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Putting Unicode characters in JSON

On Sat, Mar 24, 2018 at 1:46 AM, Tobiah <toby at tobiah.org> wrote:
> On 03/22/2018 12:46 PM, Tobiah wrote:
>> I have some mailing information in a Mysql database that has
>> characters from various other countries.  The table says that
>> it's using latin-1 encoding.  I want to send this data out
>> as JSON.
>> So I'm just taking each datum and doing 'name'.decode('latin-1')
>> and adding the resulting Unicode value right into my JSON structure
>> before doing .dumps() on it.  This seems to work, and I can consume
>> the JSON with another program and when I print values, they look nice
>> with the special characters and all.
>> I was reading though, that JSON files must be encoded with UTF-8.  So
>> should I be doing string.decode('latin-1').encode('utf-8')?  Or does
>> the json module do that for me when I give it a unicode object?
> Thanks for all the discussion.  A little more about our setup:
> We have used a LAMP stack system for almost 20 years to deploy
> hundreds of websites.  The database tables are latin-1 only because
> at the time we didn't know how or care to change it.
> More and more, 'special' characters caused a problem.  They would
> not come out correctly in a .csv file or wouldn't print correctly.
> Lately, I noticed that a JSON file I was sending out was delivering
> unreadable characters.  That's when I started to look into Unicode
> a bit more.  From the discussion, and my own guesses, it looks
> as though all have to do is string.decode('latin-1'), and stuff
> that Unicode object right into my structure that gets handed to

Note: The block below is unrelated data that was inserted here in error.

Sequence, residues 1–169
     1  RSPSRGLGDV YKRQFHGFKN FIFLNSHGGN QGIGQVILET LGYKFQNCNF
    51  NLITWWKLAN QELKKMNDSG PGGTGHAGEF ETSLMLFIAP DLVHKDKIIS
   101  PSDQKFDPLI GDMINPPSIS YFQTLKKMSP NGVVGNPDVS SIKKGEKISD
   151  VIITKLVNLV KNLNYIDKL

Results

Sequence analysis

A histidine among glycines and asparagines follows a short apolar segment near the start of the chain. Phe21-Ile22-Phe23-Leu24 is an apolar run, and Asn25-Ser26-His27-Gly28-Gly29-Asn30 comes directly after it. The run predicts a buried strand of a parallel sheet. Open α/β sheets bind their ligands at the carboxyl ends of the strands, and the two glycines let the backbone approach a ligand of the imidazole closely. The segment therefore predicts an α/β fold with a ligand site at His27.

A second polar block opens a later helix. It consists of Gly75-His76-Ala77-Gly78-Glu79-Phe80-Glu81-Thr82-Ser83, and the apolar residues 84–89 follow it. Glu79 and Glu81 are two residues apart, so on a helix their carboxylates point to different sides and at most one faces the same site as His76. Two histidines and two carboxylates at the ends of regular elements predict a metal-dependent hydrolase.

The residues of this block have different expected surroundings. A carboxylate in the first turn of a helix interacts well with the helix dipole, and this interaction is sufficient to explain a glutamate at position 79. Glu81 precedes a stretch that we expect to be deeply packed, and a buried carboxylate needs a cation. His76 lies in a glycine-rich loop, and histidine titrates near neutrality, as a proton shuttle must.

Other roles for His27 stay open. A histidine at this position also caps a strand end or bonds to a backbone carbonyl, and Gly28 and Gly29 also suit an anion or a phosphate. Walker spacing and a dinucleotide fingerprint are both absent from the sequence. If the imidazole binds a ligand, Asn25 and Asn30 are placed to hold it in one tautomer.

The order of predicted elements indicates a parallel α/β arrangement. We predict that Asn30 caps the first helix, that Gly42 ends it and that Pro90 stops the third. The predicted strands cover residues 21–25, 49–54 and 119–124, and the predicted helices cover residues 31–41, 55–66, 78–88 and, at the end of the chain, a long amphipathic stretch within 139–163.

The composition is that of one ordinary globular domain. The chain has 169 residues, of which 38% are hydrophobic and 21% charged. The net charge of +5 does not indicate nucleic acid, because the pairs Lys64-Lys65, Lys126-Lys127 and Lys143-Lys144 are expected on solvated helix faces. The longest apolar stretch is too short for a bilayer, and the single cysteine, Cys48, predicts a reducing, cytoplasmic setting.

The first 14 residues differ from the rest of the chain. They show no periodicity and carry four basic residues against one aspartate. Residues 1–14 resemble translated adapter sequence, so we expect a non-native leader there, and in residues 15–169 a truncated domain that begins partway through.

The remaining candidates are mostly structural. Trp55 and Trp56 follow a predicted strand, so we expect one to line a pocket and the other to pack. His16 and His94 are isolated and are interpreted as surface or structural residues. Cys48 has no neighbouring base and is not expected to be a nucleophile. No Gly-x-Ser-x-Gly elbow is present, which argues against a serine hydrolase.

> json.dumps().

Yep, this is sounding more and more like you need to go UTF-8 everywhere.

> If I changed my database tables to all be UTF-8 would this
> work cleanly without any decoding?  Whatever people are doing
> to get these characters in, whether it's foreign keyboards,
> or fancy escape sequences in the web forms, would their intended
> characters still go into the UTF-8 database as the proper characters?
> Or now do I have to do a conversion on the way in to the database?

The best way to do things is to let your Python-MySQL bridge do the
decoding for you; you'll simply store and get back Unicode strings.
That's how things happen by default in Python 3 (I believe; been a
while since I used MySQL, but it's like that with PostgreSQL). My
recommendation is to give it a try; most likely, things will just

> We also get import data that often comes in .xlsx format.  What
> encoding do I get when I dump a .csv from that?  Do I have to
> ask the sender?  I already know that they don't know.

Ah, now, that's a potential problem. A CSV file can't tell you what
encoding it's in. Fortunately, UTF-8 is designed to be fairly
dependable: if you attempt to decode something as UTF-8 and it works,
you can be confident that it really is UTF-8. But ultimately, you have
to just ask the person who exports it: "please export it in UTF-8".

Generally, things should "just work" as long as you're consistent with
encodings, and the easiest way to be consistent is to use UTF-8
everywhere. It's a simple rule that everyone can follow. (Hopefully.
:) )